There can be no delay in treating urgent medical cases

Abu Dhabi order on medical well-being a sound move

Dubai, United Arab Emirates, Mar 03, 2014 - ' ATTENTION EDITORS- THIS PATIENT DIED - 2:22pm - A patient arrives at the Trauma Centre of Rashid hospital. ( Jaime Puebla / The National Newspaper ) Jen Bell - National

The latest push by the Abu Dhabi government to prioritise the medical well-being of citizens and residents is a welcome step for residents of the Emirate. It was reiterated on Wednesday that all hospitals, public or private, must treat emergencies regardless of how extensively the patients are covered by health insurance or the money they have on them when they reach the hospital. There can be no delay in treating urgent medical cases.

In Abu Dhabi, hospitals were already required to treat patients regardless of their medical cover. This was following an order from the health authorities several years ago. But Wednesday’s renewed commitment to aid those in the midst of medical emergencies will make all the difference between a life saved and a life lost.

In Abu Dhabi, residents have significant advantages: new state-of-the-art medical facilities have either come up recently or are soon due to

It is unconscionable that any hospital would turn away a person requiring urgent medical treatment on the grounds of inadequate insurance or not enough cash at hand. For most people, these are commonly felt anxieties. Misfortune could befall anyone, be it a car crash or other traumas where emergency medical response is of the essence. There can be no time wasted in scrutinising the validity of insurance cards. And treatment must begin even if the entire amount is not paid up front, in one go.

A circular was sent to “all health service providers in Abu Dhabi emirate, reiterating the importance of receiving/treating all emergency cases – regardless of validity of the insurance cards – and to ensure that hospitals are prepared to accept or refer necessary cases,” Abu Dhabi Government Media Office said on Wednesday.

Indeed, when documentation and incomplete payment snatch precious minutes and lives drain away in that time, our humanity is compromised and we as a collective fail. In preventing that from becoming the norm, and putting in place measures for circumstances to not come to that, credit is due to Abu Dhabi’s government for this compassionate approach.

It has to be borne in mind, however, that medical insurance regulations are not the same in all emirates. In 2006, Abu Dhabi introduced mandatory health insurance and the city bore the distinction of providing the most comprehensive cover for the average resident. It is provided by employers and their employees' families are typically covered. It entitles someone to Dh250,000 of care. Dubai's mandatory health insurance – introduced in 2015 – stipulates that employees, their dependents and domestic helpers are entitled to Dh150,000 per year of treatment. Medical insurance packages can also vary significantly in terms of the cover provided.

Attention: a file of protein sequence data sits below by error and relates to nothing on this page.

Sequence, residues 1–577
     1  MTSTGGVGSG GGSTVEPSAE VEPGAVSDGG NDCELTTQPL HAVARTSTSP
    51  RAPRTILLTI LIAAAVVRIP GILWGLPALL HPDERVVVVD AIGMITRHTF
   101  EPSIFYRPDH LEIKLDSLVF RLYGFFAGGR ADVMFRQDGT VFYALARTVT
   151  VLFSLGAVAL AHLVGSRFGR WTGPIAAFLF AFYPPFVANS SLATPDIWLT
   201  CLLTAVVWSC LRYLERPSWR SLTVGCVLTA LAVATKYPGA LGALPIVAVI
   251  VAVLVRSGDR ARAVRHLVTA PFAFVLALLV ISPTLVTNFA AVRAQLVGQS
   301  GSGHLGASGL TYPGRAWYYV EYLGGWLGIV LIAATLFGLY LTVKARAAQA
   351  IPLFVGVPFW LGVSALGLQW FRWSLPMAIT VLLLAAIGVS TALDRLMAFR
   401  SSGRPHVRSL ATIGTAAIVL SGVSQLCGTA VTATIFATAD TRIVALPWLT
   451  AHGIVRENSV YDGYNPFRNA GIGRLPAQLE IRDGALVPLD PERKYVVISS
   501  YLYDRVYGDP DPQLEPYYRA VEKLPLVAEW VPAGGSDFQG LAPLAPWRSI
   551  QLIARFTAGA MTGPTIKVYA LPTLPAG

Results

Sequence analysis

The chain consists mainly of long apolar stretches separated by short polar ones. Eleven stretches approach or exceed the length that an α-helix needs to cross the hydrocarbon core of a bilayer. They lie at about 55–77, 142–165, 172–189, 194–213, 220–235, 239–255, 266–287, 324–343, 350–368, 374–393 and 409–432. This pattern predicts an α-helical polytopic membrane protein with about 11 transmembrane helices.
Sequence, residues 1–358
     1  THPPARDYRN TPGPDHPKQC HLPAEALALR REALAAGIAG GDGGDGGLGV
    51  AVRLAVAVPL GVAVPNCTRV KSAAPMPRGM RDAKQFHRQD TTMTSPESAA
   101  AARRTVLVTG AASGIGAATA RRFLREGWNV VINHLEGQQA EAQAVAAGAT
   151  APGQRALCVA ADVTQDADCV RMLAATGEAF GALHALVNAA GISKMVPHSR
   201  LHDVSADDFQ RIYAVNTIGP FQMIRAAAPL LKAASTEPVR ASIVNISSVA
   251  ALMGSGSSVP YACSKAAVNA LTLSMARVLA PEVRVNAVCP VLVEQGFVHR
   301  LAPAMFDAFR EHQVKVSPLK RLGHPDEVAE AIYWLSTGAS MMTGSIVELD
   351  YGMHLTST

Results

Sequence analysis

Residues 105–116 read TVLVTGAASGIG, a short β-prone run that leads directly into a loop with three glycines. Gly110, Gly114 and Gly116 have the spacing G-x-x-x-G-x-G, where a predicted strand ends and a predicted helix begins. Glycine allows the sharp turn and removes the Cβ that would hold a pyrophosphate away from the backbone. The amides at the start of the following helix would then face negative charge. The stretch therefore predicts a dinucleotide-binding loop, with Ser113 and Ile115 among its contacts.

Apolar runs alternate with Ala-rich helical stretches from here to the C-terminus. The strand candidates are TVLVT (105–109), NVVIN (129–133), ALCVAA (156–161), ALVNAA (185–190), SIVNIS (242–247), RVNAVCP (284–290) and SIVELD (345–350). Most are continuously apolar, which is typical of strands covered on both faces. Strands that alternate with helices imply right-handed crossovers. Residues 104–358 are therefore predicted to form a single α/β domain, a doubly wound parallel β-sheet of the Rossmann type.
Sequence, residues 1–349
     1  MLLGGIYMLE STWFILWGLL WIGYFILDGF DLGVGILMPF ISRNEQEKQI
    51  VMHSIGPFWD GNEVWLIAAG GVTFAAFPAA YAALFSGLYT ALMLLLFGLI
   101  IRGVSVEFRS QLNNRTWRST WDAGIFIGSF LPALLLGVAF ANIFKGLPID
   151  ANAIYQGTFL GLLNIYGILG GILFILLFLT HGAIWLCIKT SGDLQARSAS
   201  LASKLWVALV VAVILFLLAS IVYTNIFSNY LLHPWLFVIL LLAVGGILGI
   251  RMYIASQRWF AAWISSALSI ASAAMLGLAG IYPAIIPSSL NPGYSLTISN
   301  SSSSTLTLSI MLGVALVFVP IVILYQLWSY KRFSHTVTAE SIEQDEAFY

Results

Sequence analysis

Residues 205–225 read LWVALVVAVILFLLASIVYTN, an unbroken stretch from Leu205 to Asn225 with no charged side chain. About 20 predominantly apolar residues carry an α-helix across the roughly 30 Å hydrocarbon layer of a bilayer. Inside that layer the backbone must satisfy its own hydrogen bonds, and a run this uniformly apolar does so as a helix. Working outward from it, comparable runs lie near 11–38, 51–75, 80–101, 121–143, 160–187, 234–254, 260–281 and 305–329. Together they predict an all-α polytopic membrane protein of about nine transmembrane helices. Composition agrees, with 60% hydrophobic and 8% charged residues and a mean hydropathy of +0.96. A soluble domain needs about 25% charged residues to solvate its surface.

Employers in the Northern Emirates are not legally bound to pay for their employees' insurance. However, the best employers know that providing health insurance is an investment both for the employer and their people.

In Abu Dhabi, residents have significant advantages: state-of-the-art medical facilities have either opened recently or are soon due to. Four months ago, for example, the Specialised Rehabilitation Hospital opened its doors. Neurological disorders are able to be treated at the facility, such as the almost unheard of Guillain-Barré syndrome.

By all accounts, Abu Dhabi’s medical capacities are only burgeoning. Next month, the Mayo Clinic is set to be fully operational. It will be equipped to treat cancer, bone marrow transplants and several other advanced medical conditions. Alongside the capital’s public hospital operator Seha, Mayo Clinic will jointly run Abu Dhabi’s new mega hospital, Sheikh Shakhbout Medical City, which, again, will be fully operational in January. Its chief medical officer, Dr Abdul Majeed Al Zubaidi, had said the hospital was a “centre of excellence when it comes to trauma and burns”, which is what people need and where they should be able to go if a circumstance should arise.

These new pioneering medical facilities go a long way to reassure residents that there is excellent medical care at hand and in the case of emergencies, it is in fact accessible.

Abu Dhabi’s reiteration that allows everyone in emergencies to access stellar medical care has done people facing the misfortune of medical crises an immeasurable good. By broadening crucial access to some of the best health care in the region, Abu Dhabi has prioritised the well-being of all its residents.